“Latter-day Struggles”

An early contributor to the Exponent said that reading the magazine is like “getting a long letter from a dear friend.” Almost 50 years later, that is my experience. In the Spring Issue, I read an essay that had me saying “Yes! Yes! Yes!” Not quite like Meg Ryan in When Harry Met Sally, but close. The piece is “Truth over Comfort” by therapist Valerie Hamaker.

The essay addresses “real-talk about womanhood, psychological growth, and spiritual development” and what happens when these things are discouraged in the church, embodied by a real event where Valerie got called out publicly by a mistress of patriarchy. It ends with these lines about how lonely and hard this process can be and the need to mourn with those who mourn: “This begins with encouraging—demanding—open dialogue, and even having the courage to start the conversation. This begins with cultivating the fundamental importance of personal authority. I am choosing truth over comfort.” And when she mentioned that she had started a podcast, “Latter Day Struggles,” to address “the silent suffering of the Latter-day Saint who dares not speak up because they know what will happen,” I knew I needed to reach out to Valerie and help spread the word. 

Valerie is delightful. She’s kind and thoughtful and wicked smart. As a therapist she became aware of the pain that gender issues were causing some of her clients and noticed patterns of suffering among Mormon women that led her to try to uncover what contributed to their pain. She began reading and researching, using what she knows about family systems to inform her approach along with books like Mormon Feminism: Essential Writings

When I asked Valerie what inspired her to start her podcast, “Latter-day Struggles,” she said that the things she learned led her to want to share these insights. And she was also spurred by the event she wrote about in Exponent, where she encouraged a group of LDS women to “live a faith that was authentic and connected to God, considering, but not being held hostage to, general handbooks of instruction, or even the folks in the red chairs” (that imagery!) and was called to repentance by a woman in attendance who successfully shut down the whole conversation. I love that in the face of censure her response was not caution, but boldness, not silence, but amplification.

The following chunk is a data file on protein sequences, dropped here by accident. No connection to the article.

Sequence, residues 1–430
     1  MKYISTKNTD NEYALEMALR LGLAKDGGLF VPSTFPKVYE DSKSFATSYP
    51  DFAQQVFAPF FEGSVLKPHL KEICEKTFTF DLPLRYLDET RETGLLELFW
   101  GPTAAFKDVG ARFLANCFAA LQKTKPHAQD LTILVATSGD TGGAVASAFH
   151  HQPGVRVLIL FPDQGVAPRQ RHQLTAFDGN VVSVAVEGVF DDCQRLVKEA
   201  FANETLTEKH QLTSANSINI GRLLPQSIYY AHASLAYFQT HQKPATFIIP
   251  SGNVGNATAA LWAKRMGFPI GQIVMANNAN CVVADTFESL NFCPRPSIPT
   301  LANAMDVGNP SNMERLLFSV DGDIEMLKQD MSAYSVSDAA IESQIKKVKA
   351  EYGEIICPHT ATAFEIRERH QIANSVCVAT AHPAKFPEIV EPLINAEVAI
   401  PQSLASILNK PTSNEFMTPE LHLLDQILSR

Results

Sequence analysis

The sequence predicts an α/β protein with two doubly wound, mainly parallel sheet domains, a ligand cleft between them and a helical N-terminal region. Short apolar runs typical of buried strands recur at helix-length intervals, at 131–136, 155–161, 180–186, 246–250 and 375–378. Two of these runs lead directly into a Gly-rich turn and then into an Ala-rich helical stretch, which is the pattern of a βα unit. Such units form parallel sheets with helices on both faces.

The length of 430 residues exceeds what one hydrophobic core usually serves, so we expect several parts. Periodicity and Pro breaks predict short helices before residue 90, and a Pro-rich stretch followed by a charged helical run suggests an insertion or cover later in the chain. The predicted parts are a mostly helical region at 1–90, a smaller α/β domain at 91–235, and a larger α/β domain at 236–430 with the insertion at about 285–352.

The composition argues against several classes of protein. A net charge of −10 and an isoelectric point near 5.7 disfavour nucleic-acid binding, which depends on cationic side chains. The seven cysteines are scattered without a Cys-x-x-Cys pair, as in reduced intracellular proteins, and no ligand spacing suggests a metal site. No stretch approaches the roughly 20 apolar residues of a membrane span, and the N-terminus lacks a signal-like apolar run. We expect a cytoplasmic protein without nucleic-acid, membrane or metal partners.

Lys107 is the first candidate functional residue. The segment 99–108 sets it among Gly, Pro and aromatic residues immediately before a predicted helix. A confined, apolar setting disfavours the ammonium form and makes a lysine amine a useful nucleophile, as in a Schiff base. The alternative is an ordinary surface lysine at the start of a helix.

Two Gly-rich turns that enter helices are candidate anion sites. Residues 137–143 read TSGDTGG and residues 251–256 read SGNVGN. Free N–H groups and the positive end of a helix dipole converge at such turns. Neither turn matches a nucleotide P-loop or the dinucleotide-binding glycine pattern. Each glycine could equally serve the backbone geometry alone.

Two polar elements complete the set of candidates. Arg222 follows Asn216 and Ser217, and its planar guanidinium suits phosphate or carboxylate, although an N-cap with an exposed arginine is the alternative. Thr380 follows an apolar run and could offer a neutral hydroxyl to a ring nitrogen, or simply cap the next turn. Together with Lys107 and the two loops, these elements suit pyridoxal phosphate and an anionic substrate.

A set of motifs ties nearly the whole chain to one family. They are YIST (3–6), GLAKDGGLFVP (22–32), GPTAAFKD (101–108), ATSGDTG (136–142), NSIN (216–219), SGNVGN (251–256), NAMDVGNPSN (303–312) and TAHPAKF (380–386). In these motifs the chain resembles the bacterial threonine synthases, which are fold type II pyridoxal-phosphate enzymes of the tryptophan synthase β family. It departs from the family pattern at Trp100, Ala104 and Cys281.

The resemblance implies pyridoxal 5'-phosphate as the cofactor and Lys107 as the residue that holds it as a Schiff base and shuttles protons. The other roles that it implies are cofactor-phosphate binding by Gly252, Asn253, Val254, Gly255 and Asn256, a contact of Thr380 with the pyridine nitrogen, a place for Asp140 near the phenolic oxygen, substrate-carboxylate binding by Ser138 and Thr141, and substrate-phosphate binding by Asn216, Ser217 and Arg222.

The first podcast dropped in February of this year and the big themes are gender, sexuality, and power/patriarchy within the context of the LDS church. Let me highlight some episodes to give you a feel for what “Latter-day Struggles” has to offer.

Episode #2 What are Bad Thoughts? In this episode Brannon and Valerie discuss “bad thoughts.”  They talk about how trying to control bad thoughts lead to shame and self rejection. They break down the notion that all sexual thoughts are “bad.”

Episode #9: How Does Ignoring the Divine Feminine Hurt Us? Join Brannon and Val as they look at how history has been trying to demonize and then erase the feminine divine for thousands of years and how the divine stature of women has morphed from holy and revered to marginalized and subservient.  The bottom line: It hasn’t always been this way. Our LDS culture’s current interest in this topic may just be part of the restoration of lost truths.

Episode #25: When Mom Feels Like a Robot Join Valerie in this episode as she breaks down a typical client that comes into her private counseling practice…the numb, exhausted, dutiful, mom. Our work together is to learn more about how she got here and how it’s possible that she can feel so crappy after having done all of the right things. 

Episodes #33: Stages of Faith Development–How We Get Stuck, How We Get Unstuck Join Valerie on this episode as she walks you through one of her Sunstone Presentations breaking down the following:

1) Scott Peck’s Stages of Faith Development